During live migration, operations are performed on the source server, on the target server (and on file servers, if the virtual machine is stored in the SMB shared folder), and authentication is required in each case. If the administrator performing the migration connects to the source server or target server and starts the live migration process without shared storage through the local Hyper-V Manager snap-in, then the administrator credentials are used for both local operations and for executing commands on the target Hyper-V V. In such a scenario, CredSSP works correctly, allowing administrator credentials set on the client side to be used on a remote server — usually at a distance of one authentication step between the local machine with which the operation is performed and the remote server.
However, the general ideology of the Server 2012 system (and the general management approach) implies remote control and automation. The need to constantly log in to the source and target Hyper-V servers every time you need to migrate outside the cluster is a huge drawback when remotely managed. If the user is logged on to the local computer running the Hyper-V Manager snap-in and tries to migrate between the Hyper-V A and B hosts, this attempt will fail. The user credentials will be used on host A (which is in one authentication step from the client system), but host A cannot use these credentials on host B to complete the migration. The problem is that the CredSSP protocol does not allow the transfer of credentials to a system that is in more than one step. In this situation, full remote control will ensure the use of the Kerberos protocol: Kerberos supports limited delegation of authentication. Thus, when a user performs an operation on a remote server, this remote server can use the user credentials to authenticate to the second remote server.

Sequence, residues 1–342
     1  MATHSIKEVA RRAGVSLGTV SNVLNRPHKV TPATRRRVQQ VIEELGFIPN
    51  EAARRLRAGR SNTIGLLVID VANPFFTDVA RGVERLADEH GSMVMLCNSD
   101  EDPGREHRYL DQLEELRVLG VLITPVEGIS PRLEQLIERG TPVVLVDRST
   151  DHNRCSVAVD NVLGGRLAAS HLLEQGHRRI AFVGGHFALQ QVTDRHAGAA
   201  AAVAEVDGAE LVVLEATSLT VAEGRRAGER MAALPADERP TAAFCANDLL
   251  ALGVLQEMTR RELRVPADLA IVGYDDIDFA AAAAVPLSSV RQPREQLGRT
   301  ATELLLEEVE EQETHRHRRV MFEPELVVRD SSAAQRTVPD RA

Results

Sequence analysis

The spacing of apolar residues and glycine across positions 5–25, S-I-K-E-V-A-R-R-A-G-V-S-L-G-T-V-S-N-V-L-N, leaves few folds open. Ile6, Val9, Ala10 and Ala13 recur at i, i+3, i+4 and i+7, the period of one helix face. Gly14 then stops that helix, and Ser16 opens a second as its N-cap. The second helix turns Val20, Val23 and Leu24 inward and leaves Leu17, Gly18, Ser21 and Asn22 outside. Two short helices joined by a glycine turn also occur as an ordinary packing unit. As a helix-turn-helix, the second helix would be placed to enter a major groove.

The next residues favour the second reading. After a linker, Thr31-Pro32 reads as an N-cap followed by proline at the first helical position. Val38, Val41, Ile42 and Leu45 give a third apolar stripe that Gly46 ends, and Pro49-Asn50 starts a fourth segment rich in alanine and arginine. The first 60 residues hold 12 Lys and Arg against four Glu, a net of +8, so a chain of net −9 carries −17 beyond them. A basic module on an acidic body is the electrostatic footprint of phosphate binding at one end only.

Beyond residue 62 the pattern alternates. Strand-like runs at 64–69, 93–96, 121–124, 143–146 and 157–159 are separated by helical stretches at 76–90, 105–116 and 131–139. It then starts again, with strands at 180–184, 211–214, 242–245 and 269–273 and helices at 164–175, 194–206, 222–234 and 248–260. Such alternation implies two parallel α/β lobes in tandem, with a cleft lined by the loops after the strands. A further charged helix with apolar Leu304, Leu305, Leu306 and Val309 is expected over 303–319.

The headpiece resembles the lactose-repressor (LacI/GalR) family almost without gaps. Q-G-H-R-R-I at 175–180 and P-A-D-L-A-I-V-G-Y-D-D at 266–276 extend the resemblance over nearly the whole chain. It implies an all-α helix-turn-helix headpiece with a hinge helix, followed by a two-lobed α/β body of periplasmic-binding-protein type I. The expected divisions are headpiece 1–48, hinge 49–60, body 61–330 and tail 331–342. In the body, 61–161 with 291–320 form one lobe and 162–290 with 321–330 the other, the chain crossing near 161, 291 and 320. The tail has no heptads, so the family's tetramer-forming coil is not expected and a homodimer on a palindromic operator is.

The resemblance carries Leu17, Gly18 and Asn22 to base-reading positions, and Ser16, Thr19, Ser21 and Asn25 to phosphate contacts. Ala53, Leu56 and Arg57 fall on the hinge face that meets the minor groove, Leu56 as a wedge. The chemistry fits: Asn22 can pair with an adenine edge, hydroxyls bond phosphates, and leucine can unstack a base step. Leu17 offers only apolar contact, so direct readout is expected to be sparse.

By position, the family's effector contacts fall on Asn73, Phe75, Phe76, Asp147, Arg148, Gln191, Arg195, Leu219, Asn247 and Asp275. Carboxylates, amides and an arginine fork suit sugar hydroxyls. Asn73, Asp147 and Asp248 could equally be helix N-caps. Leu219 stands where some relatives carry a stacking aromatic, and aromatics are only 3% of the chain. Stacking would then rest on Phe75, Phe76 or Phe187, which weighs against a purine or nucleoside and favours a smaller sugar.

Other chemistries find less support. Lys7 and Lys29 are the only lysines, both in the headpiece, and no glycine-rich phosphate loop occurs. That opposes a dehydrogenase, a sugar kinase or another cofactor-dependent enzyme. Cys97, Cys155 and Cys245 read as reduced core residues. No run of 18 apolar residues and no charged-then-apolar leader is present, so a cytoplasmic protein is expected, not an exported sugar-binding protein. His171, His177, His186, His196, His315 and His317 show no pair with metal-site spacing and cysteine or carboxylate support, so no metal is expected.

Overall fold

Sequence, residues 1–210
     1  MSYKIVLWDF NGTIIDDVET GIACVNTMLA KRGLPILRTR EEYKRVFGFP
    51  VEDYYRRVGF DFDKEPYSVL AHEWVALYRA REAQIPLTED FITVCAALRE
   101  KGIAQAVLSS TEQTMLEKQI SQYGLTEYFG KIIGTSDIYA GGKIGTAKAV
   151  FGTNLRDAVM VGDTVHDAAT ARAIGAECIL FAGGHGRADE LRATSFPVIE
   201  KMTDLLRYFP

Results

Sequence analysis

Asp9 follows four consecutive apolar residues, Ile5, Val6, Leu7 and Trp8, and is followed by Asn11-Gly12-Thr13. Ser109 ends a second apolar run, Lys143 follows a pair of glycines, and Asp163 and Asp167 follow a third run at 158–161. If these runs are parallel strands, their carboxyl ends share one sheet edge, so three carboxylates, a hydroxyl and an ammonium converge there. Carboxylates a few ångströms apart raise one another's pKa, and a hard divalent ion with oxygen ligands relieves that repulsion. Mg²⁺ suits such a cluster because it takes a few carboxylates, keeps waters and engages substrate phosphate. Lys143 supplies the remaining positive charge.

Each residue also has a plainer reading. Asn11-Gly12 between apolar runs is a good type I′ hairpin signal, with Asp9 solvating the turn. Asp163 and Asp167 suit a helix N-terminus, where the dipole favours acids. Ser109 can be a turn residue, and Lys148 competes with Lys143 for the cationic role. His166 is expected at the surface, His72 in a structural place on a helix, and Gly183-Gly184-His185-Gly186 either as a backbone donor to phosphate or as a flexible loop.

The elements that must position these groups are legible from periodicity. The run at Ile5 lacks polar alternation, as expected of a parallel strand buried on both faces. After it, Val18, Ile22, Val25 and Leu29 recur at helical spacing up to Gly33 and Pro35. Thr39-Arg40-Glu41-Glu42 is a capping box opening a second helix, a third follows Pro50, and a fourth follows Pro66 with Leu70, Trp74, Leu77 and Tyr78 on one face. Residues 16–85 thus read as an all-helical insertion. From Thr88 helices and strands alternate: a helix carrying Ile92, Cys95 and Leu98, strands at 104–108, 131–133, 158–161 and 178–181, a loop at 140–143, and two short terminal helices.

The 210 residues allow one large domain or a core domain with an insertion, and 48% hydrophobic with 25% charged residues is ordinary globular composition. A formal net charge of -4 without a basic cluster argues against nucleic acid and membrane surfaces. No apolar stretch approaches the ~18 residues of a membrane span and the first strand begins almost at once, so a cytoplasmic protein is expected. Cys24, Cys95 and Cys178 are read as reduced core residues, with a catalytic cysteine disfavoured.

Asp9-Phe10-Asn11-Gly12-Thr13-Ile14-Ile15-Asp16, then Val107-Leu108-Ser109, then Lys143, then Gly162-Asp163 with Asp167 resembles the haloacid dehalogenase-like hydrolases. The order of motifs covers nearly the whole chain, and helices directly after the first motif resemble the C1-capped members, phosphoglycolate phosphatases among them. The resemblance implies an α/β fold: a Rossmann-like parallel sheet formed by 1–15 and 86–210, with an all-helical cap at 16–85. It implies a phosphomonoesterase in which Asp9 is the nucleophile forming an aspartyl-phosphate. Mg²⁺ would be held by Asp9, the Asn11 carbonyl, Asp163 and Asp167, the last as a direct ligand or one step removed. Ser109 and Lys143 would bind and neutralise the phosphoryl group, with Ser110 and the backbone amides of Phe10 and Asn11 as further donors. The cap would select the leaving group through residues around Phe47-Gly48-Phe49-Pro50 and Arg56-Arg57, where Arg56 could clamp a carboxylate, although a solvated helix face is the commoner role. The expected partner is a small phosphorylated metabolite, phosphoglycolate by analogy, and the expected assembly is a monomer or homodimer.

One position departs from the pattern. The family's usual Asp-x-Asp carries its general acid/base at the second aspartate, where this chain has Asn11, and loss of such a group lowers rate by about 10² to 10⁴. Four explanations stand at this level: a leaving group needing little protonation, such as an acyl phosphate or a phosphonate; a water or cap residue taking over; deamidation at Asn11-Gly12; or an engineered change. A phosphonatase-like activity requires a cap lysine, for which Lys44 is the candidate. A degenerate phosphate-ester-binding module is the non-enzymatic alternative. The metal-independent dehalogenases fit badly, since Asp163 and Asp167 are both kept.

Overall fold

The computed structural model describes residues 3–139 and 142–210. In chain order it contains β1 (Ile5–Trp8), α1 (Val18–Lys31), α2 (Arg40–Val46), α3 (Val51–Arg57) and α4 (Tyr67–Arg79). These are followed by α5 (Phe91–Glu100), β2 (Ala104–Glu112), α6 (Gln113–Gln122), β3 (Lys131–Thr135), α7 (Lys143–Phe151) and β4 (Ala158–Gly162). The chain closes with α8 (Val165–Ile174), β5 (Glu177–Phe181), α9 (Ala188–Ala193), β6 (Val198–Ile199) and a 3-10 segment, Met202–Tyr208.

Does this mean that the server to which I connect remotely can simply take my credentials and use them on another server without my knowledge? This is where the limiting part of delegation comes into play, despite the fact that you will need to perform certain configuration before you can use the Kerberos protocol as an authentication protocol during migration. You need to configure delegation for each computer account that will be allowed to perform operations on a different server on behalf of the user. To configure delegation, use the Active Directory Users and Computer Management tool and the properties of the computer account for the server that will be given the right to delegate. As Figure 2 shows, the Delegation tab contains settings for the allowed delegation level.